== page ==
Garden Worms and Other Beneficial Feeders for Your Garden

There’s a reason why celebrate soil mending garden worms as your ultimate natural soil improver. But you might have heard lately that there are different species of earthworms and garden worms. What’s the difference between these? Are they all specialized for a particular task? What do they all do?

Well, let’s start with the more common species. You’ve probably seen them already – nightcrawlers, red wiggler, red wigglers, night crawlers, potato worms, bloodworms, stone worms, horsehair worms, and blue worms. They all come from the same place, which is the castings of grass that homeowners mow their gardens with. Each has a different name, but basically they all go by the same description. They live in the soil, excrete waste material (worm poop), and eat (worm food). They are all used as fertilizer for gardens.

So let’s get down to the specifics. These earthworms do one primary job for people who raise them: consume organic matter. That means that the more organic materials your worms get to consume, the healthier and happier they will be. There are two primary types of organic matter: organic matter that comes from plant matter and inorganic matter that comes from animal waste or dead animals. Nightcrawlers, red wiggler, red wigglers, and red worms are carnivores. They eat mostly dead plant matter, so their nutrition is largely coming from the plant matter in the soil.

If your worms are mostly carnivores, then you’re doing OK in the organic stakes. But that doesn’t mean you can rest on your laurels. You still need to look for ways to give your garden worms some additional nutrition. And there is an interesting concept that I like to call “the trade offs”. Plant matter is very abundant in the soil. So, if you make it easier for your worms to digest it, they will eat more of it and produce bigger and healthier babies.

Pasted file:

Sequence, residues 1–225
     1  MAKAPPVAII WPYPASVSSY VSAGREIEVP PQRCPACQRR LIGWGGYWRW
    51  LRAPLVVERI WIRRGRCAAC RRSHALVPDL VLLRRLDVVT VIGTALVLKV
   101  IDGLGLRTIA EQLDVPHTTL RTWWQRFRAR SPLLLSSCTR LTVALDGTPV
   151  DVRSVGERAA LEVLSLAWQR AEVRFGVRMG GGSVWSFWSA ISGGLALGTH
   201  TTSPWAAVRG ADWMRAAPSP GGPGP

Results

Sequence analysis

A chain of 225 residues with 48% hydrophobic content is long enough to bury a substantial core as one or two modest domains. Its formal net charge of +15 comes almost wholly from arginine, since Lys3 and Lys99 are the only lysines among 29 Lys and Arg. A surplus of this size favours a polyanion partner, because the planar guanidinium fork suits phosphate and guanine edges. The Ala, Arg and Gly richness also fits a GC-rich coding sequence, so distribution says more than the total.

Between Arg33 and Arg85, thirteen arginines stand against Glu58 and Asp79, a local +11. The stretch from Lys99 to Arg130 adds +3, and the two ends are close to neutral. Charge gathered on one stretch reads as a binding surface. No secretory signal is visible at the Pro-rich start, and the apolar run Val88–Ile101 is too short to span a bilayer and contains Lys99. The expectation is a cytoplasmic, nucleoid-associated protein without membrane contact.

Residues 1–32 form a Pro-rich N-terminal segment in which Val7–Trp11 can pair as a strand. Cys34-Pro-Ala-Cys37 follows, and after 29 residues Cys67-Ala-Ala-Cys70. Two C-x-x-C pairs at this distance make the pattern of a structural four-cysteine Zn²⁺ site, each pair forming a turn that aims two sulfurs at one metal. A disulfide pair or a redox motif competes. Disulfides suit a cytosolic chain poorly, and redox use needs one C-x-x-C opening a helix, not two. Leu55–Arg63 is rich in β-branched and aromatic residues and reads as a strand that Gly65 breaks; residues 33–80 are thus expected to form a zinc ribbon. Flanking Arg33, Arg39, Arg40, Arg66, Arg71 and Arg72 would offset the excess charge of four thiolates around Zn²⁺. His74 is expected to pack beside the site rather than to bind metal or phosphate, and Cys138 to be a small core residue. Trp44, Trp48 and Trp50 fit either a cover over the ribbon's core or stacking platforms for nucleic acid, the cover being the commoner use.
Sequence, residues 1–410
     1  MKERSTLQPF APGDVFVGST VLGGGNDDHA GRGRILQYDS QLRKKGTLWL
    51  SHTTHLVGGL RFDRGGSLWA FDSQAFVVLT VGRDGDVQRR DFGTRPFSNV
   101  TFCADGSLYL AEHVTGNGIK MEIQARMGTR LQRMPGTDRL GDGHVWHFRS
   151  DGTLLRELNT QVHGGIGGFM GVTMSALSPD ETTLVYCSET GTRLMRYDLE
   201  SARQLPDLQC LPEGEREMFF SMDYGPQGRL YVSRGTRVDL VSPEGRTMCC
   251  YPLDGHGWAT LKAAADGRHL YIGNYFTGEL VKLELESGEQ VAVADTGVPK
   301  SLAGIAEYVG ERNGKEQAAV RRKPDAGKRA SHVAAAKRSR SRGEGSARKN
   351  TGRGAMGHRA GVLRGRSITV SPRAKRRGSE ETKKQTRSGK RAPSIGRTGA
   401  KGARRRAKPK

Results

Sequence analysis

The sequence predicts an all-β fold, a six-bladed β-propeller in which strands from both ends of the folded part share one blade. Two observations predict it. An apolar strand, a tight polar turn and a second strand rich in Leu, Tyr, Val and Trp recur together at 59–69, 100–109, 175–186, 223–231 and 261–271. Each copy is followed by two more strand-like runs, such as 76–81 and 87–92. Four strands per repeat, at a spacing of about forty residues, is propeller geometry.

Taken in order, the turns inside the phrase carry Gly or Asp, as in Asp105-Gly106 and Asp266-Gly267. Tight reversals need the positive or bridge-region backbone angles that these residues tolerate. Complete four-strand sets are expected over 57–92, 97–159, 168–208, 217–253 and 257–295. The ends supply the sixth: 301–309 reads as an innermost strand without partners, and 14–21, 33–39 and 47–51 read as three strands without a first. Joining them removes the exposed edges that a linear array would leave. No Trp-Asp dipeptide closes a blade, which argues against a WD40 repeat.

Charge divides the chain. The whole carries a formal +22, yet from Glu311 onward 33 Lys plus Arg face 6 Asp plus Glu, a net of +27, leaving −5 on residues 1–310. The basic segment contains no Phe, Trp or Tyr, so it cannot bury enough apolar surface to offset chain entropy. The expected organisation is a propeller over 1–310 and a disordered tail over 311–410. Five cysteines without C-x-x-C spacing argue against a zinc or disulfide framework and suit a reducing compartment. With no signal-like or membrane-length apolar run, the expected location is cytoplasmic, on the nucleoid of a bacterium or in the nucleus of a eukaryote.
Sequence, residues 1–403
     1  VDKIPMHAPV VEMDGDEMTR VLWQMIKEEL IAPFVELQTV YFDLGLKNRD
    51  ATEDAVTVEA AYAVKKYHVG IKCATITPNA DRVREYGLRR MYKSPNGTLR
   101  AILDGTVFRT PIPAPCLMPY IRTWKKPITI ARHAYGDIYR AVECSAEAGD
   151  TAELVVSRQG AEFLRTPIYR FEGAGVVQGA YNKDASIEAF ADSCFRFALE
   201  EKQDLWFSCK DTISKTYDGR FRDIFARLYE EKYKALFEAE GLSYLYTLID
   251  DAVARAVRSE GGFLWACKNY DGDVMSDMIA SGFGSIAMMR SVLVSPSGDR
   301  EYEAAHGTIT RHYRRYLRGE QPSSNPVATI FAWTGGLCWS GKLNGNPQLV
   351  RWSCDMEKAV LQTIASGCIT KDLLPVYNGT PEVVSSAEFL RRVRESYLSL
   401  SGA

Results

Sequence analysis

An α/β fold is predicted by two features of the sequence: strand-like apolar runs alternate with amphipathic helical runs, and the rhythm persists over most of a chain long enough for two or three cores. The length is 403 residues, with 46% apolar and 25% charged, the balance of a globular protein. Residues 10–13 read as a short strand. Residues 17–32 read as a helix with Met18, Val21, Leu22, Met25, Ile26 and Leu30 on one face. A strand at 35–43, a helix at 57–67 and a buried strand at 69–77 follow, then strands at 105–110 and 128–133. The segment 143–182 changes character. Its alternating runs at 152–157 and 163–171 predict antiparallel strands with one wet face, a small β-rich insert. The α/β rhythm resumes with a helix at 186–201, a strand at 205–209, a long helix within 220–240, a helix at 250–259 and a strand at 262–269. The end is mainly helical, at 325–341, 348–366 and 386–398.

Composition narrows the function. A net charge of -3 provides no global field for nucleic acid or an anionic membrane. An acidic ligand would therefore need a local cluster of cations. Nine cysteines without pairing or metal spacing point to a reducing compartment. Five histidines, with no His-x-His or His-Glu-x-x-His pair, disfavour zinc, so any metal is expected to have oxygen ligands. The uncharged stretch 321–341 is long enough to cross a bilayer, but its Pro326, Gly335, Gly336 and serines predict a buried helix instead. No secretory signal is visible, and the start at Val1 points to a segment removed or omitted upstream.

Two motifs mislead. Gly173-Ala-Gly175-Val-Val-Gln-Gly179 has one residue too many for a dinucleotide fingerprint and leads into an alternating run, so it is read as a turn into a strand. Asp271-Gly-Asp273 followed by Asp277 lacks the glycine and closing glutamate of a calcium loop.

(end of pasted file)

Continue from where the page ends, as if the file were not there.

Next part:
Now, if you have ever taken a soil sample from your garden, then you’ve seen the chemical compounds called humic acid and pyloric acid. These compounds are widely used in modern organic gardening because they greatly enhance soil fertility. But there are trade offs with these chemicals. If you make it harder for the earthworms to break down these chemicals, the result will be healthier plants with less nutrients – and this is not what you want to see happen.

To solve this problem, there is another substance that you can use – called composting castings. This is made from the remains of whatever it is that the earthworms have eaten. To this castings, add one part worm castings to two parts organic matter. Composting castings are rich in plant nutrients, and they are easily turned into kitchen scraps or yard clippings. (I’ve even used them to water the grass when I was gardening last year.)

There are two major benefits to using composting materials. First of all, this is much more efficient than tilling. It also makes gardeners’ life less stressful, because there’s no more need to till the fields. And composting isn’t really all that time consuming. Just mix a couple bags of material in a container, and then throw it into the ground and water it in – pretty much that’s all there is to it! All you’ve got to do now is just let the composting bacteria do their thing.

You’ll notice that the soil has gone from looking dry and dingy to being incredibly rich in nutrients. You can also just imagine how much better your plants will grow if you don’t have to use as much water and fertilizing products, and you don’t have to spend as much time and energy tending to the earthworm population. Earthworms alone will recycle your organic matter, but they’re not the only beneficial “feeder” animals for your garden. Lizards, birds, fish, deer…all of these animals will eat your compost and other wastes, and many of them are actually quite good at recycling your waste.